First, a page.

Stationary Engineer

Another common name for a stationary engineer is a “power engineer.” A stationary engineer works on large systems such as boilers HVACs and other types of stationary machinery that exist within large structures such as office buildings manufacturing plants hospitals or large multi-family apartment complexes. The main difference between a stationary engineer and an engineer who works on similar equipment within large vehicles or vessels is that stationary engineers specialize in maintaining repairing and updating stationary systems that are not designed to move from one location to another. According to the website the work of a stationary engineer can be complex simply due to the vast number and types of systems upon which they work. Stationary engineers typically use computers to program the systems upon which they work. However it is essential that they are also well trained in how to operate stationary systems manually in the event of a mechanical failure an emergency or a computer malfunction. Therefore they must have a high level of skill when it comes to understanding mechanics and electrical systems. Safety is a top concern of stationary engineers and they must ensure that all safety codes rules and regulations are followed at all times in order to minimize the risk of injury to not only themselves but also to the individuals who either live or work within the building. The Bureau of Labor Statistics states that the minimum educational requirement for a stationary engineer is a high school diploma or a GED but training at a vocational or technical school is helpful as is the completion of an apprenticeship program. Additionally many states require that stationary engineers obtain a license which usually requires the passing of an exam. Typically the median annual salary for a stationary engineer ranges from $30630 to $74500 per year.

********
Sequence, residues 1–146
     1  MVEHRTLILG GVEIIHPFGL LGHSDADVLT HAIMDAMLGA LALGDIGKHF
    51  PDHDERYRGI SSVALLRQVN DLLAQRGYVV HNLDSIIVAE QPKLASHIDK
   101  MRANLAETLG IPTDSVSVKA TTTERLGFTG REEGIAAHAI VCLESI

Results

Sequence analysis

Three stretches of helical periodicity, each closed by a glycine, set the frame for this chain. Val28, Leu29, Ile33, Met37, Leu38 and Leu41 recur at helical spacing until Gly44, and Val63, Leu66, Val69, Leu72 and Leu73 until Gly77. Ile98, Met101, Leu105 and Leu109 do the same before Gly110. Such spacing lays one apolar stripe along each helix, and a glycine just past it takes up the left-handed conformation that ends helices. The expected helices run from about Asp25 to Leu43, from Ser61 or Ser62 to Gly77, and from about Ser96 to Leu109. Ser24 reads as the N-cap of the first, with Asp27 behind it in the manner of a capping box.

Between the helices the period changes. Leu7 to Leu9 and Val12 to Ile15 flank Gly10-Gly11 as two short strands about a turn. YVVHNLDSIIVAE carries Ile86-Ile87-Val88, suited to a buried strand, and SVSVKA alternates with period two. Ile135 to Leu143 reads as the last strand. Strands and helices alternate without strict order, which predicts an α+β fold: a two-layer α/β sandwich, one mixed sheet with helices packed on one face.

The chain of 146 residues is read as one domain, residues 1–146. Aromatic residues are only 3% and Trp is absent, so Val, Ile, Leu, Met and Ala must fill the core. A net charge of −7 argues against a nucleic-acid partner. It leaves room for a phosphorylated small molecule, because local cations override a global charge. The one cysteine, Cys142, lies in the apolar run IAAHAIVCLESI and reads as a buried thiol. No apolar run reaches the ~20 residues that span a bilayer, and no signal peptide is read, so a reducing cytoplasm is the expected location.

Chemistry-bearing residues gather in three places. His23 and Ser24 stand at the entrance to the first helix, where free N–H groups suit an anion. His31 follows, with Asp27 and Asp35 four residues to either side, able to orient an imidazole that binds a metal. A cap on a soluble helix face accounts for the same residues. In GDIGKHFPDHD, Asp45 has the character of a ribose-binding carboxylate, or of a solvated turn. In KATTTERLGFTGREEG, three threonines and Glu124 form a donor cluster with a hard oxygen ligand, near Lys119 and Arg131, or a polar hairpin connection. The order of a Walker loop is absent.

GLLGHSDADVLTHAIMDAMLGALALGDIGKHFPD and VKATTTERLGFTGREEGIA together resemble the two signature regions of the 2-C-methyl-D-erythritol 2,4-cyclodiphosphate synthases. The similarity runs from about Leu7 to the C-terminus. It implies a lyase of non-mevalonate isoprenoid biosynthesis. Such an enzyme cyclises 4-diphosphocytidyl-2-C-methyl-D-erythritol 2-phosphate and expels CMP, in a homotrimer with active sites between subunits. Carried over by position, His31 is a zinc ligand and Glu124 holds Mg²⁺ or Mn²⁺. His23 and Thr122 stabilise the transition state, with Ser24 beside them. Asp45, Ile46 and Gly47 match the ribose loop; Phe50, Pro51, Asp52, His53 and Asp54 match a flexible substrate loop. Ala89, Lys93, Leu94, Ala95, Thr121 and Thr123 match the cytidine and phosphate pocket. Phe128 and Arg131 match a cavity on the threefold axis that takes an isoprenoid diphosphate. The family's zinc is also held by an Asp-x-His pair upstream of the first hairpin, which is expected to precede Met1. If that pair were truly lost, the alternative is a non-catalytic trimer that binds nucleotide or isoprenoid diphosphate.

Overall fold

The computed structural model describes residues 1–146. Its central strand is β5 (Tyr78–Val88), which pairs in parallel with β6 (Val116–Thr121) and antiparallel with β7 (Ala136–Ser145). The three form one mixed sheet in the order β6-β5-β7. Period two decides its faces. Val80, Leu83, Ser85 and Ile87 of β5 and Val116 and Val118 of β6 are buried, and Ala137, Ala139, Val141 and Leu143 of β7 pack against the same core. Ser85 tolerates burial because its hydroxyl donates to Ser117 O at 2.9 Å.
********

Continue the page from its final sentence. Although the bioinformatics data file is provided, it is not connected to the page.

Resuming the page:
Education Required: High School Diploma & Apprenticeship
Avg Salary: $52565
High Salary: $74500
Low Salary: $30630
Tasks: Maintains mechanical systems.
Conducts routine maintenance.
Starts up and shuts down boiler equipment.
Ensures that systems are running safely.
Also Called: Boiler Operator
Operating Engineer
Power Engineer
Mechanical Engineer
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